But is this Freudian mother similar to the Bharat mata ki jai rants that Modi is so “famous” of doing in all his rallies. Rather it is not for the latter does not take into consideration the lack in the mother. Mother here is not a figure who could be gone back to but rather a signifier which leaves us with lots of energy displaced into the world. Here going back is regression as her function will only enable her to disappoint us, to take us back to the Oedipus situation from which we have already been disappointed. Modi is represented as the “brave son of Bharat Mata” and the distraught pack of children who follow the “mother’s preferred favorite” are all but the same. Modi’s politics always wants to go back to the mother rather than find what the mother has left us from our childhood to desire in this already “poisoned” world. In other words the other is given more importance than it is required, for this is an attempt to please the other expecting it to satisfy all our desires to make us full and content. An impossible ideal for the other has already left us with no option but to lack, desire and die for the other also lacks. . She was the mother who gave us the poison -nourishment which made us all ill. She is not -from a frudian position- important as an ideal of perfection which will satisfy us but rather as the ideal of imperfection that we all live in.

 Modi has used the mother to start his campaign a mother whose call lifts the masses towards their dreams, we are all living at her behest now like small babies- without sexual differentiation in a freudian sense- imagining about the good life that the mother can promise us; some basking in her, care some complaining about the lack of love that the mother has provided us. The mother who has moved in to the unconscious after a point: the mother who had left us all thirsty and will leave us all thirsty and this thirst which becomes our desires. For the mother for Freud is the one that leaves us with the traces of her love and care which has to be abandoned but whose real still remains with us in the unconscious. The movement time for a politics of the unconscious: a time where the repressed love for the mother has been incited to a society which can never take it up for already it has aged beyond childhood fantasies. But no we are living in a time of childhood phantasies the fantasy of rejoining the mother which can always only lead to the Oedpus complex and the further regression of society- for beyond a figure she is just a function.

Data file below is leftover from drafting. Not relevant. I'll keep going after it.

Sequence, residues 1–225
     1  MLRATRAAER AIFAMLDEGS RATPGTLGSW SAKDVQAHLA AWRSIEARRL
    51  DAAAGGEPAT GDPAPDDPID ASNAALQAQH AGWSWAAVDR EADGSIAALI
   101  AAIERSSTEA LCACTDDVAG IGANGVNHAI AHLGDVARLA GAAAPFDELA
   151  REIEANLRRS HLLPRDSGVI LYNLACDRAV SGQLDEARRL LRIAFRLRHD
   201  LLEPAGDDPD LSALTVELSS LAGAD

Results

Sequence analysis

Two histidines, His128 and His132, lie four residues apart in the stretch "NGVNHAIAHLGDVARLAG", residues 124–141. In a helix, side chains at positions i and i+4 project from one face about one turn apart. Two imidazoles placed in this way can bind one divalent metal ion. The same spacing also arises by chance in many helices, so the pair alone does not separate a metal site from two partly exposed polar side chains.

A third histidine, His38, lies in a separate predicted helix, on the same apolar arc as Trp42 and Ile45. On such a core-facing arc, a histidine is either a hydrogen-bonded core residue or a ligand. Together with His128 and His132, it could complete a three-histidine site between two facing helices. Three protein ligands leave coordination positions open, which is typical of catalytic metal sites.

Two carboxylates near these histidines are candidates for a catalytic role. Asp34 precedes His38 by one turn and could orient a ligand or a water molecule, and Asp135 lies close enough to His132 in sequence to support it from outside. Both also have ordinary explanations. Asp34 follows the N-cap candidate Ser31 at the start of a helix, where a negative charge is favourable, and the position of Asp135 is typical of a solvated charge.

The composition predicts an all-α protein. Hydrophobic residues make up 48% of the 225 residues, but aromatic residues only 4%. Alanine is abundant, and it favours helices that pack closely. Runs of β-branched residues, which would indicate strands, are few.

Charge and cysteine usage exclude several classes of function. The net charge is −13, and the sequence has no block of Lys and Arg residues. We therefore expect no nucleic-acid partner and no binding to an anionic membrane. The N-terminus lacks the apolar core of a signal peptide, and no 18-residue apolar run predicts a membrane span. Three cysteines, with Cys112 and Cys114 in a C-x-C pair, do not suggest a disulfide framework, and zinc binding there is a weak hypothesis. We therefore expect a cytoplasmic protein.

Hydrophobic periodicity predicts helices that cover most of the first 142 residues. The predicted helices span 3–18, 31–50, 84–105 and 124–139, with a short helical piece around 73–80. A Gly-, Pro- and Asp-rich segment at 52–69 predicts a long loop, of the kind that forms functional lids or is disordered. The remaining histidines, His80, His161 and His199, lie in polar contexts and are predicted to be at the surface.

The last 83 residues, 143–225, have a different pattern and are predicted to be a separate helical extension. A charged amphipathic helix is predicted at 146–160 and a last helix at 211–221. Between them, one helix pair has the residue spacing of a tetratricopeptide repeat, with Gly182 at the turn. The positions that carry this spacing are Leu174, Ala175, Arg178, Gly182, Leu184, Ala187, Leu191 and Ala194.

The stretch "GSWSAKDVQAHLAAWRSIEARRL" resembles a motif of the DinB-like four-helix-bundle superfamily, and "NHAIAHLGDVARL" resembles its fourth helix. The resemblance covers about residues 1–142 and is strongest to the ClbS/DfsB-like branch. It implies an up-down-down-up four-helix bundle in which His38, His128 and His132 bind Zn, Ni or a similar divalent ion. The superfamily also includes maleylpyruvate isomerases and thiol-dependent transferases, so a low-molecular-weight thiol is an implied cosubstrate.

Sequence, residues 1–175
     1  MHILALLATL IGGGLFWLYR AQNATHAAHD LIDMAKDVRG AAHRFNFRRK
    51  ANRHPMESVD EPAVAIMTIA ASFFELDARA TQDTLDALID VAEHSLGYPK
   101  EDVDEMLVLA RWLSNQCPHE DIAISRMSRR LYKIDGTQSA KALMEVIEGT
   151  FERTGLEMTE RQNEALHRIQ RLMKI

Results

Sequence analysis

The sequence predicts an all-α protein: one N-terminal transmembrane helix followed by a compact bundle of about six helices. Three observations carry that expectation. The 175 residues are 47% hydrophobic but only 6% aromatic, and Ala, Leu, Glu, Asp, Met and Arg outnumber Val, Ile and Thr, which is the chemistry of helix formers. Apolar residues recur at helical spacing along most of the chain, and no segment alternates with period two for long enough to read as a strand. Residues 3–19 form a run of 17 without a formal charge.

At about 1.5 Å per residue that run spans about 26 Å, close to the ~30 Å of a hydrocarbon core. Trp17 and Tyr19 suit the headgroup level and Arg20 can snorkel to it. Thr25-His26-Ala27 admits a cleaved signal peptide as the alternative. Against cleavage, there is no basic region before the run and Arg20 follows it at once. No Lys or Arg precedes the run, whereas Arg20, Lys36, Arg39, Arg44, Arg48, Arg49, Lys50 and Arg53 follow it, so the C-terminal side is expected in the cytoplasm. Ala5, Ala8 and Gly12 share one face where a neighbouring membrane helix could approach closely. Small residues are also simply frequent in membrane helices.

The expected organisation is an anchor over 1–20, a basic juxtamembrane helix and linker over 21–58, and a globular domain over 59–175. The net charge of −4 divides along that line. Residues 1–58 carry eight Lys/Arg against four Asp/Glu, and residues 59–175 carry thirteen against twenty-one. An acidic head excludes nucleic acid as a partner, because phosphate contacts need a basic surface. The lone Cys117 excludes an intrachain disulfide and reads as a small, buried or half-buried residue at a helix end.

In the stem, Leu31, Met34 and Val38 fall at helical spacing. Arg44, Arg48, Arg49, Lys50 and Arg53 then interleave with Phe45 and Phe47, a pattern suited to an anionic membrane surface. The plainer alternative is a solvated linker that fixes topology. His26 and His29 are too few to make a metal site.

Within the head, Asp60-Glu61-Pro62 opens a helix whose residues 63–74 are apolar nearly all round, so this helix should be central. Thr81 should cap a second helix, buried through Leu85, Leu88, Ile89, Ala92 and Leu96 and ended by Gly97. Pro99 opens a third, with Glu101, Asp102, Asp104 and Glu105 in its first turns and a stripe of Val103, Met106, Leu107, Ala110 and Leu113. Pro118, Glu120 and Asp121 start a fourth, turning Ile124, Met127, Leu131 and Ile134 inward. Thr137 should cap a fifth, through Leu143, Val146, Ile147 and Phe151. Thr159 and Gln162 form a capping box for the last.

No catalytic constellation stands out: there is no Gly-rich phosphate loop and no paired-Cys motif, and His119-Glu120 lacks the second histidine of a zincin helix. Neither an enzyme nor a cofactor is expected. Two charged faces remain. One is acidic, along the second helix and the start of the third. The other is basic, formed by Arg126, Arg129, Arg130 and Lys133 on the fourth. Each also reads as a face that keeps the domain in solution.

Our disease

 In the movie the fatal disease is that which takes Girly first to the grandmother later away from her love back into the hands of her mother and father. For Modi, it’s the political disease that takes us all back to the mother. Isn’t the disease our displacement of the father’s disease onto the mother? When the feminists in Kerala say that the family’s control over the grown up women is what is important to understanding Kerala society, don’t they exactly mean this? The disease is not actually the girl’s but ours: the disease which does not acknowledge in us the richness of the earlier attachment to the mother which sometimes can take rebellious positions. Freud had cautioned against the over exaggeration of these disappointments as a “girl who is destined to become feminine is not spared them”. The disease where Girly remains Girly as we as fathers and mothers can’t face the traumatic and be happy with the symbolic power us has got. Modi represents such hordes that get traumatized by the sight of a woman who goes out with men; the RSS says this precisely when they get vociferous of no live-ins and LGBT marriages. The Bajrang Dal does the same when they ask the Muslims to go to Pakistan. The trauma that every upper caste faces when they hear the word “Dalit politics” is also a symptom of this disease. This is the ideology that we live in today, where the imaginary of the father and mother become more significant than their symbolic function?



 Sigmund Freud, femininity, The Standard Edition of the complete psychological works of Sigmund freud, vol.22 ed. James Starchy.
Louis Althusser, Freud and Lacan in Writings on Psychoanalysis: Freud and Lacan,ed., Olivier Corpet and Francois Mtheron.
The women’s studies reader. Ed. Mary e John.



Georgy Kuruvila Roy is pursuing PhD in CSSS, Kolkata.

Pictures courtesy: the internet.